From the beginning and throughout the Renaissance period in the 16th Century Venice, Italy was always a different type of city in comparison to Rome, or even Florence. Venice's individuality begins at its lagoon foundation along with the city's special connection to the sea. For centuries the town remained secure in its harbor fortress, and in the strength of its organizations by creating a sound system of absolute law, aiding Venice's stability and longevity. Through this stability Renaissance art within the city was able to flourish and prosper, thus allowing Tintoretto and other Venetian artists to create multiple masterpieces that are still popular today. (Pg 2. Red Book).
In Venice during the High Renaissance artistic production was more of a group effort. The family workshop or studio was the norm. Painters in Venice generally appear as members of families, working alongside one another in large workshops that frequently continued over generations. The resulting problems of this work are obvious, and frustrate many historians in attempting to distinguish the stroke of Titian from that of one of his students. In a workshop, all involved assisted in the creation of paintings that were clearly marked by a singular style established by the master. Young apprentices learned by copying and then participating in the work of the master. The student's own artistic identity must first take a back seat to that of the master, and then if it were strong enough, might then assert its own independent character. This form of training applies to workshop training and production in generally throughout the late Middle Ages and the Renaissance, and is hardly exclusive to just the town of Venice. (Pg. 192 Gray Book).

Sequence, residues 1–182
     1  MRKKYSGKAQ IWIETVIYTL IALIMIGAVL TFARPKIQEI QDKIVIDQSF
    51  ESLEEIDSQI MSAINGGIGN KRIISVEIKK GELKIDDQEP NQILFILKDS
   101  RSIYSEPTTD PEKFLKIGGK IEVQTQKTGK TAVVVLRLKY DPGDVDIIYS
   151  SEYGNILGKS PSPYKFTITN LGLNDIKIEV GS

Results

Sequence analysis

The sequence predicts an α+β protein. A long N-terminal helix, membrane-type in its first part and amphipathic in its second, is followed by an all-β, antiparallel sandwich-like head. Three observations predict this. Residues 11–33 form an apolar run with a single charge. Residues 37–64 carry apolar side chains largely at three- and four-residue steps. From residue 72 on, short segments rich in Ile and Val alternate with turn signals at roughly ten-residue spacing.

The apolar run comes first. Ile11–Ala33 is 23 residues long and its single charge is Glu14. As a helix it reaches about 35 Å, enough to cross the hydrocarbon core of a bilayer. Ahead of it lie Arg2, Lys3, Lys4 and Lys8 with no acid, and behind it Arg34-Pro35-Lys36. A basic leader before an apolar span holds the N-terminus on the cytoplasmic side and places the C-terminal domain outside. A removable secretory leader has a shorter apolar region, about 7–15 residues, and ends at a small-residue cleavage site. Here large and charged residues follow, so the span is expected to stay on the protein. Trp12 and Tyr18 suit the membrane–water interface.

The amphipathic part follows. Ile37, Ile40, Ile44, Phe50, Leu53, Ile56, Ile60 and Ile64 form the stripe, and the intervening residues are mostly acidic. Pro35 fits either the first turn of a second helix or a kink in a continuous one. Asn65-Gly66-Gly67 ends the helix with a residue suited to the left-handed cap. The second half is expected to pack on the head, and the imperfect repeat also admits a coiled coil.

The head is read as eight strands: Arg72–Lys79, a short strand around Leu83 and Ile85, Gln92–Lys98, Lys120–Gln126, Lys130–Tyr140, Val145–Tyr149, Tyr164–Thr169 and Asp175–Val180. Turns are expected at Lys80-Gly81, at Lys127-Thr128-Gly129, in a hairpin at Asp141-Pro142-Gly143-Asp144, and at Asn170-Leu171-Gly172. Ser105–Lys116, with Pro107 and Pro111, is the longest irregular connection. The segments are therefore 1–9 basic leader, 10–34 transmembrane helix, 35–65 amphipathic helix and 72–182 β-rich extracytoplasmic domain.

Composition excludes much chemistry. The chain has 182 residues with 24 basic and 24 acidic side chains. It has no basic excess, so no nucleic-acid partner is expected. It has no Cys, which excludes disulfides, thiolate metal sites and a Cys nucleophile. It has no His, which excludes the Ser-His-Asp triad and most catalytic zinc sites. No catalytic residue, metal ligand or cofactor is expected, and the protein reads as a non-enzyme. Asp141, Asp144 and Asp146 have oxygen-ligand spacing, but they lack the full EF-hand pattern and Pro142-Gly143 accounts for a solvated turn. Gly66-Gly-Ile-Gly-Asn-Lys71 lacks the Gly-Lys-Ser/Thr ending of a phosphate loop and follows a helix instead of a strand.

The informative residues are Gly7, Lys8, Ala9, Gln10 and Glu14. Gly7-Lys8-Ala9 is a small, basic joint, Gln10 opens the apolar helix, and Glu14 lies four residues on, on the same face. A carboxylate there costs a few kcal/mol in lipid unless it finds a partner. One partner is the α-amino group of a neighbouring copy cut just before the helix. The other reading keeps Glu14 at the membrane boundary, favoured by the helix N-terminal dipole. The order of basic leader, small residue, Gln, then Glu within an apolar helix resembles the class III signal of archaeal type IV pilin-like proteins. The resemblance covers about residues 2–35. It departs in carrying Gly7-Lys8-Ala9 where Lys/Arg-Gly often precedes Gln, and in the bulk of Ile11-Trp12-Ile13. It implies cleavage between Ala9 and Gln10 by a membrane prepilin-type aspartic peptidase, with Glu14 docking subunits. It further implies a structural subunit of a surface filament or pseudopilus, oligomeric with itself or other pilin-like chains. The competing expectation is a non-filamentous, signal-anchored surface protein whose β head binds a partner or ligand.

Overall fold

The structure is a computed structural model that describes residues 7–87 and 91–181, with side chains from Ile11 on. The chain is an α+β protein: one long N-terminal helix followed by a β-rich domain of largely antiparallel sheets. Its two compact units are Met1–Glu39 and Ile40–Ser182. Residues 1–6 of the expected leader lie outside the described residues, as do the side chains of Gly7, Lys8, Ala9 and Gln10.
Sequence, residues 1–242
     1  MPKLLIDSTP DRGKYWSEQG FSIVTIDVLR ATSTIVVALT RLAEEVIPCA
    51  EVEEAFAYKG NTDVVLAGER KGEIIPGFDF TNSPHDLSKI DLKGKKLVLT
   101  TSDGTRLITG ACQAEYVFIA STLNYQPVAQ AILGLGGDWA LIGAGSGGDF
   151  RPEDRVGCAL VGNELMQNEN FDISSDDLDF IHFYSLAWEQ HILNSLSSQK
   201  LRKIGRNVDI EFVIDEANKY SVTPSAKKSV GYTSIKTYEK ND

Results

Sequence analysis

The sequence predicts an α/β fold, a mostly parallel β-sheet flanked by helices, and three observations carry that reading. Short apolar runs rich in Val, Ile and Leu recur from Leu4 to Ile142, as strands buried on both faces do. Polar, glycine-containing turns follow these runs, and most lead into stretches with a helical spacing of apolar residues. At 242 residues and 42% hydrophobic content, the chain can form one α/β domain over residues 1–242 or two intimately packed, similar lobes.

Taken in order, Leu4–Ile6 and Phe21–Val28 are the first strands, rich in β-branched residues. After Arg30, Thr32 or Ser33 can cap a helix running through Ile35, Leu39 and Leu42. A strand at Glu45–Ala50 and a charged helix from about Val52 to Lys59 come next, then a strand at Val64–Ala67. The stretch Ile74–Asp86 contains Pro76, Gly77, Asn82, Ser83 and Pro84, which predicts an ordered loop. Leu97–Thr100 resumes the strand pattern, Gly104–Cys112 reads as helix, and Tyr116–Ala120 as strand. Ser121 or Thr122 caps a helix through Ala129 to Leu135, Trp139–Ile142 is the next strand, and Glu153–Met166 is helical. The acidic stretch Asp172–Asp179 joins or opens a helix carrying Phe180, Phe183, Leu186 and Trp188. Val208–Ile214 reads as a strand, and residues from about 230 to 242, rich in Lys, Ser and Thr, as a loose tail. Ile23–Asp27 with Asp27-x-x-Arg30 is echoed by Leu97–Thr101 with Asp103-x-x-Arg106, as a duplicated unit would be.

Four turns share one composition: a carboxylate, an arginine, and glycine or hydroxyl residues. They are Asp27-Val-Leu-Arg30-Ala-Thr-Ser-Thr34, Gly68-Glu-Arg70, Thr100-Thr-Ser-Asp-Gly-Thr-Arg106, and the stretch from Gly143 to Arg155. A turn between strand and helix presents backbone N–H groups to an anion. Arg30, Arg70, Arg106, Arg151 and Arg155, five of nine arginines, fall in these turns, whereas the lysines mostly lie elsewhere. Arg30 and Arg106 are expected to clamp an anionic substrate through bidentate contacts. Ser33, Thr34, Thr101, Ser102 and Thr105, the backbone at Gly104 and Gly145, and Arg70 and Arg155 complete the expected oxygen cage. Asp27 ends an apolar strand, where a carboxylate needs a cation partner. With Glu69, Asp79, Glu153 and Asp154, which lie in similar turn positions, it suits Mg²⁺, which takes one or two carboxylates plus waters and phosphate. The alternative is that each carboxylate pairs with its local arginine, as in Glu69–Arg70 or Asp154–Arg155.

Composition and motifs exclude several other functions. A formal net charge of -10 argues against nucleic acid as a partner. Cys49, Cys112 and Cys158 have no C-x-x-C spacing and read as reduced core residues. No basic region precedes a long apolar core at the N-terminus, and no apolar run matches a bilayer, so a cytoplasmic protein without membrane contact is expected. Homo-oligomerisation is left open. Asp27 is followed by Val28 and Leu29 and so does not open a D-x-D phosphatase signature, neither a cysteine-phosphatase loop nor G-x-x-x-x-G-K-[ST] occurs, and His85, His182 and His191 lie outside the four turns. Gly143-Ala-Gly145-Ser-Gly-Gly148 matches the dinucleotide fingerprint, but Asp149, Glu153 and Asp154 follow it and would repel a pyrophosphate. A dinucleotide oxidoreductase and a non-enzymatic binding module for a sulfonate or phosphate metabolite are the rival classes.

Jacopo Robusti, later coining the nickname "Tintoretto", grew up the son of a silk dyer in Venice, and that is most of what is known about Tintoretto's family tree. Even the date of his birth is still unknown, but many scholars believe he was born in Venice in the year 1518 since the date fits with the recorded events of his later life.